Better than Ever

Remodeling homes and redesigning magazines might seem to be two completely dissimilar endeavors. In reality, however, there are a lot of similarities between renovating an existing home and revamping the content and design of a publication such as this. The first step in either instance is to define the needs and desires of the people who will be using the finished product.

March 31, 2005

Michael Morris
Michael Morris
Editor in Chief
630/288-8057
michael_morris@reedbusiness.com

Remodeling homes and redesigning magazines might seem to be two completely dissimilar endeavors. In reality, however, there are a lot of similarities between renovating an existing home and revamping the content and design of a publication such as this.

The first step in either instance is to define the needs and desires of the people who will be using the finished product. In the case of a remodel, that usually includes the homeowner and other family members who live in the home and will use it as they go about their lives after you've left the jobsite and received the final payment. How will they be using the space? Do they have any special needs that should be addressed during the project? How can you make new components or additions relate to the overall structure most effectively?

These questions, and many more, must be thoroughly considered if the result is going to meet the expectations of your customers.

In redesigning Professional Remodeler, we went through this same painstaking process of evaluation to identify what you want most and either add it or improve upon it. Through online reader surveys, a strong editorial advisory board of top remodelers, and daily conversations with our readers, the team behind Professional Remodeler planned an improved content model and new design for "remodeling" the magazine.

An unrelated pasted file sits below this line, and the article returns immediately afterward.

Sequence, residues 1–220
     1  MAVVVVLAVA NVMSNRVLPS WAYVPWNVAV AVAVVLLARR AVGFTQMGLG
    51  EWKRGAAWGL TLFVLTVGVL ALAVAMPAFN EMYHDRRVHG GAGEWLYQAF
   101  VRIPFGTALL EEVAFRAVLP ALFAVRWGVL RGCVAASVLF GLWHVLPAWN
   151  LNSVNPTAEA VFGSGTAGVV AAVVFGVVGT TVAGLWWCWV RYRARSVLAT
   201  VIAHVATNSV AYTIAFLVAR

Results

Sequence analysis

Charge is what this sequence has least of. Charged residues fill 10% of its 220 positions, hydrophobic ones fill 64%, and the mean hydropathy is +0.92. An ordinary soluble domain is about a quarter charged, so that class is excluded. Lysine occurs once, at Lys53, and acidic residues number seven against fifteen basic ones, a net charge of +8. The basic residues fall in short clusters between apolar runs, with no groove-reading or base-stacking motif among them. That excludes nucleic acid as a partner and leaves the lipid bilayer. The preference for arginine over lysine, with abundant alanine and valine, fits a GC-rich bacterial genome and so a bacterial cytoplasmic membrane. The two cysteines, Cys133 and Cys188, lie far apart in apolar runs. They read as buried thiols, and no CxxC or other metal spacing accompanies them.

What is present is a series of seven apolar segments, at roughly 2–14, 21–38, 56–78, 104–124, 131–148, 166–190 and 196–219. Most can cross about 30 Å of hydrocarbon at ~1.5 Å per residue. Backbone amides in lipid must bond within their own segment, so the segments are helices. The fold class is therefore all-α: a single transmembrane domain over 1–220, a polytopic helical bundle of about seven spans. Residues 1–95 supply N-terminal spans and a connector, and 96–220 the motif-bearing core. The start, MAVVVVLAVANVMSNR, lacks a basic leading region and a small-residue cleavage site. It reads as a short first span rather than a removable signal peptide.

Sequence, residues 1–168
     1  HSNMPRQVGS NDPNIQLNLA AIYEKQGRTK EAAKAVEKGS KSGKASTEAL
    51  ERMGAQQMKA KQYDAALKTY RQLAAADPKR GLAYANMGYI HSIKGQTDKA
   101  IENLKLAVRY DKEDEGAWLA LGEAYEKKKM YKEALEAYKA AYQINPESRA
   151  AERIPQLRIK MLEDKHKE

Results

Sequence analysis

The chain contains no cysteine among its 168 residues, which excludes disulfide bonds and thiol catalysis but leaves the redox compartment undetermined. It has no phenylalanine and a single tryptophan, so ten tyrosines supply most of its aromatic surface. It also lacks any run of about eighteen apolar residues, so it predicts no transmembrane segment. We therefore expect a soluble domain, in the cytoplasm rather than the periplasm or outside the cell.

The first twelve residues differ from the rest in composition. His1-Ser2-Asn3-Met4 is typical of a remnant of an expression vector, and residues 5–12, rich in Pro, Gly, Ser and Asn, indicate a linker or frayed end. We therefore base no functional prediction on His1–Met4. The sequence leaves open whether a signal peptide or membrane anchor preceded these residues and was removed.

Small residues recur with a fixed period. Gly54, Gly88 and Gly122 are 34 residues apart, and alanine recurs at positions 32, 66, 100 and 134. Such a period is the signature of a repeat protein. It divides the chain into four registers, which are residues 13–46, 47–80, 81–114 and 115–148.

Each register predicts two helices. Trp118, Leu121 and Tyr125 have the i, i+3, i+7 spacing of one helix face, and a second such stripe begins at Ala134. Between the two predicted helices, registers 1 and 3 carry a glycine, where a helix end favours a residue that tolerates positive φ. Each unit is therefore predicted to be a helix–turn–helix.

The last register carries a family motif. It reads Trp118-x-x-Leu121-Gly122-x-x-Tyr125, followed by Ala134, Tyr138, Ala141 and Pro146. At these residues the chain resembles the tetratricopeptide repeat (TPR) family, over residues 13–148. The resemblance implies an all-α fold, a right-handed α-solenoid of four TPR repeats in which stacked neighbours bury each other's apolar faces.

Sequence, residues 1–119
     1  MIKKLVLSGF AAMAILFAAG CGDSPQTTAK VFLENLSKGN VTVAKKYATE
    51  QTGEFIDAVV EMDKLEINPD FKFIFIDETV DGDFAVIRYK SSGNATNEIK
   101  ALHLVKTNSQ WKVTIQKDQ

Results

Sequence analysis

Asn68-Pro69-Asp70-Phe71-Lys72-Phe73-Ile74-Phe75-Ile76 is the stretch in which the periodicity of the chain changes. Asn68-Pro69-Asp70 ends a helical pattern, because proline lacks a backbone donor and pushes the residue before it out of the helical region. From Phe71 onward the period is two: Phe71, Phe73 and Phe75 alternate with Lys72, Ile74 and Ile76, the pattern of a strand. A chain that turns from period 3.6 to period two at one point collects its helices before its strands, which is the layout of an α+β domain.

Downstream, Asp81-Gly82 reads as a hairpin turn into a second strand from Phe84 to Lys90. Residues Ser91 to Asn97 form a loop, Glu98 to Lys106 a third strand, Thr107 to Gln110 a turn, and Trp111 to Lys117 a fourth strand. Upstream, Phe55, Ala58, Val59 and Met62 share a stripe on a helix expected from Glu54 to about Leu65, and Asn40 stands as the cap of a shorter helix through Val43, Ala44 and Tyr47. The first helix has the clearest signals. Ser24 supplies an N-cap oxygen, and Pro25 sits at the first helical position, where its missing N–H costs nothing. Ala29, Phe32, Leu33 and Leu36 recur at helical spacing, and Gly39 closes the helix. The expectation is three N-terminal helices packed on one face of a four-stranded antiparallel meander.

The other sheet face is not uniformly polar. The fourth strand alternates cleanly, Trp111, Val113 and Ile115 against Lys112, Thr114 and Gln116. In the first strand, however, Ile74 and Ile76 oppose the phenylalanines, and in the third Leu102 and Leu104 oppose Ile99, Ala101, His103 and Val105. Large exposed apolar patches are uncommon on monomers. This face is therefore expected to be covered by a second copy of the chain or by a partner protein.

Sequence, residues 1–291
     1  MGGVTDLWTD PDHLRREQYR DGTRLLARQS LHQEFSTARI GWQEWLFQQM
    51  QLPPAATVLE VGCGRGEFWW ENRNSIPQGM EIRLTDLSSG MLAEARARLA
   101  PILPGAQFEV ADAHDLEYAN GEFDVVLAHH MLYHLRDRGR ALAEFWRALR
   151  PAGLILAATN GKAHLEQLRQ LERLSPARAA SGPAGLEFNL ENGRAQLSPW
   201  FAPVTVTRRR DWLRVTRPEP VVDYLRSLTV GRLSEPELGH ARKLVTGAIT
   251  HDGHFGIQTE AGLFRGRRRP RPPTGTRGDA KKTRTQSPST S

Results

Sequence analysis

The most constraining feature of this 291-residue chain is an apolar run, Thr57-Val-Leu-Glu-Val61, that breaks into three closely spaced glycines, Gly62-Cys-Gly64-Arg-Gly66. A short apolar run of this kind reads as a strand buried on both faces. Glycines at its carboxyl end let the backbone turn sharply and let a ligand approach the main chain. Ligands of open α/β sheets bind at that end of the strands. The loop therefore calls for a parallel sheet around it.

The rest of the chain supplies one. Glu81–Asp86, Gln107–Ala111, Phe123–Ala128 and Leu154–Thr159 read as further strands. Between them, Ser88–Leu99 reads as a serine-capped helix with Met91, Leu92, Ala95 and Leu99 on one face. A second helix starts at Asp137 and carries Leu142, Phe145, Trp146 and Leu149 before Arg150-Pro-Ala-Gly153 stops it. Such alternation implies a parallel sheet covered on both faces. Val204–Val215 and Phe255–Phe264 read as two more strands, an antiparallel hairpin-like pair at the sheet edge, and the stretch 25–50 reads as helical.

Time and time again, we heard about the importance of personal connections in the remodeling business, so our cover redesign is a reflection of that emphasis on individuals who are leaders in the industry.

Major additions

For starters, we've added to our stable of expert contributing editors who will appear on a regular basis. Doug Dwyer, president and chief stewarding officer of DreamMaker Bath & Kitchen by Worldwide, debuts this issue with his column, Leadership. As the leader of one of the nation's largest remodeling franchises, Doug has a thoughtful perspective that will provide intelligence and insight on how to improve your company's profit potential from the top down.

Another new columnist, business consultant Dave Taraboletti, will lend his technical expertise to Tech Know-How, where he'll offer common-sense ideas and practical solutions for integrating the latest technology into the field and office to streamline your processes, save time and add dollars to your bottom line.

Each month we'll focus on a different topic in 5-Minute Manager, which makes its debut with a look at customer satisfaction and how to make your customers happy, increasing referrals and therefore sales.

An ongoing process

As often happens in the remodeling business, you'll finish one project at a customer's home and before you know it, they'll hire you to take on a new one.

The same is true of our ongoing commitment to improving our content to meet your needs. We're interested in hearing what you think of the new Professional Remodeler, and we welcome and encourage your comments and suggestions as to what we can do to further improve it.

630/288-8057, michael.morris@reedbusiness.com

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